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Panels

Panels group related information into a few well-defined categories, such as Tools and Properties, making it easier to find what you're looking for. With a single click on the triangle to the left of the panel name, you can minimize or maximize panels, making it easier to keep your workspace uncluttered. A panel that is currently closed can be opened via the Window menu.

All panels can be docked and undocked, so you can arrange them the way you want. Position the cursor over the upper left corner of the panel. When the cursor turns into a “move” icon, click and drag to move the panel. (See Figure 3.5.) After a panel is undocked, you can move it around by clicking and dragging on the blue bar at the top of the panel, but you have to grab it by the upper left corner again to re-dock it. On the Mac, in Flash, you cannot dock panels to the Timeline or Stage, and the Property inspector floats on its own. By default, the Actions panel in Flash also opens free-floating on the Mac, but it can be docked.

Figure 3.5. To dock or undock a panel, grab it by the upper left corner.


You can resize some panels by positioning the cursor at an edge or corner. If the cursor turns into a two-headed arrow, as shown in the lower-right corner in Figure 3.6, the panel is resizable. Click and drag to resize.

Figure 3.6. To resize a panel, grab it by an edge or corner. If the cursor turns into a two-headed arrow, you can resize.


All the Studio MX programs have a Property inspector that provides contextual editing options based on the type of object selected, often giving you one-stop shopping for object editing. It's at the bottom of the screen, except in FreeHand, where by default all panels except Tools are on the right. (Refer to Figures 3.13.4.)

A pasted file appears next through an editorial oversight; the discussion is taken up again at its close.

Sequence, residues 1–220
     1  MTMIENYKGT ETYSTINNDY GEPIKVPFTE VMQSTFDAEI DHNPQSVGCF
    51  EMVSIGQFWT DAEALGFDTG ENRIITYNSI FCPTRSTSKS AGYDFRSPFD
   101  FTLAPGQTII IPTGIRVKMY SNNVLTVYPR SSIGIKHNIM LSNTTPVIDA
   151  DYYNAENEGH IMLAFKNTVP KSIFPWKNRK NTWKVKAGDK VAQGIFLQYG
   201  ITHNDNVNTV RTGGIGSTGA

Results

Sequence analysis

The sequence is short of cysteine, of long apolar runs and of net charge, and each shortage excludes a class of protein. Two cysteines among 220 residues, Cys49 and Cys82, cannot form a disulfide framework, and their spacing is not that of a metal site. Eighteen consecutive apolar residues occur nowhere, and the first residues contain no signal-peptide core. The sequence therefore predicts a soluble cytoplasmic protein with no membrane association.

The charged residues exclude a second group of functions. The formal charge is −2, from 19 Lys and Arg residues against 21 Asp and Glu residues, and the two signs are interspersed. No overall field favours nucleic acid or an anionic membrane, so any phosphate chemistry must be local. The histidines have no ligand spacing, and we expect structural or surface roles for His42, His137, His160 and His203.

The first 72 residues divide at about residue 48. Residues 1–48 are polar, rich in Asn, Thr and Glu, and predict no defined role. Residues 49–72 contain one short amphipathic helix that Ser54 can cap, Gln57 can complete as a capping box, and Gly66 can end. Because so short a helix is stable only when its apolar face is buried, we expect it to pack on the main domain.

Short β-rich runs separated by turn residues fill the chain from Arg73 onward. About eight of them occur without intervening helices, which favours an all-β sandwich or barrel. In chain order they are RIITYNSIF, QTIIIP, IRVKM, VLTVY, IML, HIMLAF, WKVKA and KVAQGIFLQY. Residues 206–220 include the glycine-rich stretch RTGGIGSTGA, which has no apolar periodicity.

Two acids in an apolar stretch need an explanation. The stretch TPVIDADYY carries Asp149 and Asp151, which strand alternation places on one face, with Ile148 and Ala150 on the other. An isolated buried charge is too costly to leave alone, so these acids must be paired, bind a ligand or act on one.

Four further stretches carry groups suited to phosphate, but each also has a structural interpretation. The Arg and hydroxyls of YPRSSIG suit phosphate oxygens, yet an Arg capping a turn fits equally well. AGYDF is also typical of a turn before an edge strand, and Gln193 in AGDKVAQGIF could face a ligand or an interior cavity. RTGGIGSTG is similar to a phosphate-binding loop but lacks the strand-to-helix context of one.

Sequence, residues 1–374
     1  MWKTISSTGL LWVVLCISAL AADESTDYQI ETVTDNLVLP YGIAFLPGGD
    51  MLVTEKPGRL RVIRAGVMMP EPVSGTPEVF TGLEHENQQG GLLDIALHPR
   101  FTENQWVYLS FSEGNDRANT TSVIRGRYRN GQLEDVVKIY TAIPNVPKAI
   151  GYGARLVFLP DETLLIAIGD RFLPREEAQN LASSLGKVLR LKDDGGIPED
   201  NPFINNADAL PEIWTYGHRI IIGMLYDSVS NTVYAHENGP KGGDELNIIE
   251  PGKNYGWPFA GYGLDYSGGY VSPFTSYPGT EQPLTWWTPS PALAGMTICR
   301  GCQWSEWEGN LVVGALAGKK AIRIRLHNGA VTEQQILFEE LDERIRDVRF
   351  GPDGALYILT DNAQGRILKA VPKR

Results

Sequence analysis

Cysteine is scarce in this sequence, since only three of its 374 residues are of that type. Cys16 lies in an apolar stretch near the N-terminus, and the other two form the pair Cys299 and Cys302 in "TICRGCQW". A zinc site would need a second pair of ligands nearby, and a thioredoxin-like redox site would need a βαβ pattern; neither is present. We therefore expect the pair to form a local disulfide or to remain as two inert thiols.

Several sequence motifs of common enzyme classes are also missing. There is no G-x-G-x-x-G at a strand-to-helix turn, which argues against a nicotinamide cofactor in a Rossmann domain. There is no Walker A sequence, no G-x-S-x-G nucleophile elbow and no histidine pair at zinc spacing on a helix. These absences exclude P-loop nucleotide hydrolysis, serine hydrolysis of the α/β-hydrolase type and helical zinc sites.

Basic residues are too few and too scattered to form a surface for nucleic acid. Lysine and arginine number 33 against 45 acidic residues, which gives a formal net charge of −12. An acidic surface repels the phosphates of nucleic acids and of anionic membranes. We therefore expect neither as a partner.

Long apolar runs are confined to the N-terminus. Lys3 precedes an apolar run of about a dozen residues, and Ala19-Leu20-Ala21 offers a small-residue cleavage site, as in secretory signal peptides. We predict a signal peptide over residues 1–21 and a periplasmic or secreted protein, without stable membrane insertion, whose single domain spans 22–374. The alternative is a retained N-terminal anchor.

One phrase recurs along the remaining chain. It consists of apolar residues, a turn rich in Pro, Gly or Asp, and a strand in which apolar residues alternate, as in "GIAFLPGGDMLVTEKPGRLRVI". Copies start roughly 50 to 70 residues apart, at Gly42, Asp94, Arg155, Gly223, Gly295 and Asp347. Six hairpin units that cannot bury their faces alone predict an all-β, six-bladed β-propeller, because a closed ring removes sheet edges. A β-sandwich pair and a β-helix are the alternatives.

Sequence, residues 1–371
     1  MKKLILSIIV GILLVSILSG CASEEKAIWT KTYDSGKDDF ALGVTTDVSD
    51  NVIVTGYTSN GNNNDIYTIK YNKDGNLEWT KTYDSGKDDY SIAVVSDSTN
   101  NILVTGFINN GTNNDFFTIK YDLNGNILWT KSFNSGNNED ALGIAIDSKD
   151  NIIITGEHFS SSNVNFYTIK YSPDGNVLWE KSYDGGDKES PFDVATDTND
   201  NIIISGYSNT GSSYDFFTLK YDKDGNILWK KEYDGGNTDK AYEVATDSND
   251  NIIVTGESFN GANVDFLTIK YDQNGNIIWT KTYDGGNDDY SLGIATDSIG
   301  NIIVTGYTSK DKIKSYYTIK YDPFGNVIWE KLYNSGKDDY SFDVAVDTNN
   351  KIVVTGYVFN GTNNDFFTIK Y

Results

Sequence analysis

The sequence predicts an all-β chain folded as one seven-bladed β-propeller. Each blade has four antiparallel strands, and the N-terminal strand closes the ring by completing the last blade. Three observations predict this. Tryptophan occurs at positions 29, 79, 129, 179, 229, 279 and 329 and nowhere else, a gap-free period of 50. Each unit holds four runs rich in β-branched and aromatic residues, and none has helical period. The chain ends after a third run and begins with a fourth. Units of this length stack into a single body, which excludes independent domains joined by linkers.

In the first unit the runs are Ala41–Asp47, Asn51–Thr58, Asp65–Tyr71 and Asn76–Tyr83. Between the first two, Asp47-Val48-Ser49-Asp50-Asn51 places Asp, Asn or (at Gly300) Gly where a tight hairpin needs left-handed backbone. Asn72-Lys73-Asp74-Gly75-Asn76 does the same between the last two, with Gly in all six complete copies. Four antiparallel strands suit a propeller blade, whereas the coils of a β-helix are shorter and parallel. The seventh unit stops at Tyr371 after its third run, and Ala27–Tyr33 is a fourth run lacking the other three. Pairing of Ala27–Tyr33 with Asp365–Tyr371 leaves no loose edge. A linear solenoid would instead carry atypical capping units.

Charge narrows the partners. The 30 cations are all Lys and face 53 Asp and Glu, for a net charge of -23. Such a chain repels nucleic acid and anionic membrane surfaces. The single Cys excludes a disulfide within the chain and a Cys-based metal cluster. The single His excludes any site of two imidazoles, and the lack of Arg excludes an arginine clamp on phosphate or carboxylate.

Sometimes the programs share just a few basic object attributes on the Property inspector. For instance, Dreamweaver, Fireworks, Flash, and FreeHand all work with bitmaps, but only two attributes—the width and height of the image—are common to all four programs. All but Dreamweaver also give the bitmap's position on an x-y coordinate grid. (See Figure 3.7.)

Figure 3.7. Clockwise from left: Bitmap properties in FreeHand, Flash and Fireworks.


Similarly, Fireworks, Flash, and FreeHand all have a “document” object, but the x and y dimensions of the document are the only common attributes. (See Figure 3.8.)

Figure 3.8. From top to bottom: Document properties in FreeHand, Flash and Fireworks.


One area of significant overlap is manipulating text. There are half a dozen or so common attributes for text objects—including styles such as bold and italic, left-right-center alignment, font, size, and color—most of them expressed in standard symbols familiar from applications such as Microsoft Word. (See Figure 3.9.)

Figure 3.9. Common text attributes, shown here in the Dreamweaver Property inspector.


Even where individual attributes are not the same from program to program, though, it's still a great efficiency-booster just to have almost everything related to a particular type of object gathered in one place, as opposed to being scattered in half a dozen different palettes, as was often the case a couple of versions back.

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